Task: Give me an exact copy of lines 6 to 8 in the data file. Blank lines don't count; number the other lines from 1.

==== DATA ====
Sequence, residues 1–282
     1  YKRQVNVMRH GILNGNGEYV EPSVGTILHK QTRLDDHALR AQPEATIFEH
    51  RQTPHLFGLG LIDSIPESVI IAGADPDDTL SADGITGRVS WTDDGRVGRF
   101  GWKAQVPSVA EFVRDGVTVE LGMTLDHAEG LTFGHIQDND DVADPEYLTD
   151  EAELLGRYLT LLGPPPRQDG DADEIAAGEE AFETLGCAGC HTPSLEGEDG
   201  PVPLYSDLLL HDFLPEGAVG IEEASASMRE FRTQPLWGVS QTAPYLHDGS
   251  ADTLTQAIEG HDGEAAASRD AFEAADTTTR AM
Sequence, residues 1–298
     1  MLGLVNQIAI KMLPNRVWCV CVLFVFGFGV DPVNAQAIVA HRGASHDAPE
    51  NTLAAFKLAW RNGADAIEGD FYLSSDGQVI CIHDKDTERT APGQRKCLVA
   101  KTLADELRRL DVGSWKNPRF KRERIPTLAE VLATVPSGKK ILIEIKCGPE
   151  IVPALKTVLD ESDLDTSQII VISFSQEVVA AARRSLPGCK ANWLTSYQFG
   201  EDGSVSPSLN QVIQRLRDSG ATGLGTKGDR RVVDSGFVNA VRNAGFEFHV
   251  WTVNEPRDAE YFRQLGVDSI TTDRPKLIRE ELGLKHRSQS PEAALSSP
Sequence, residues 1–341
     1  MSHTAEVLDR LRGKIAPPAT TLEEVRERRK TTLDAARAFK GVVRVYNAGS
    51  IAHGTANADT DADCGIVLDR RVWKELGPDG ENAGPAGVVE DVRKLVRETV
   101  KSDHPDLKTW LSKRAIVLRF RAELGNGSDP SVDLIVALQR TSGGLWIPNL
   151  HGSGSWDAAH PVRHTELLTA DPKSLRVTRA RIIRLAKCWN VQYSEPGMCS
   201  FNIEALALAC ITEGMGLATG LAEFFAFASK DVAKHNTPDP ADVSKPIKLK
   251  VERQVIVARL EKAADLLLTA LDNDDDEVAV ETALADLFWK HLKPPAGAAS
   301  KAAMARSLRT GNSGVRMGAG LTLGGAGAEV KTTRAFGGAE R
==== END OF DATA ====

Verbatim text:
   201  PVPLYSDLLL HDFLPEGAVG IEEASASMRE FRTQPLWGVS QTAPYLHDGS
   251  ADTLTQAIEG HDGEAAASRD AFEAADTTTR AM
Sequence, residues 1–298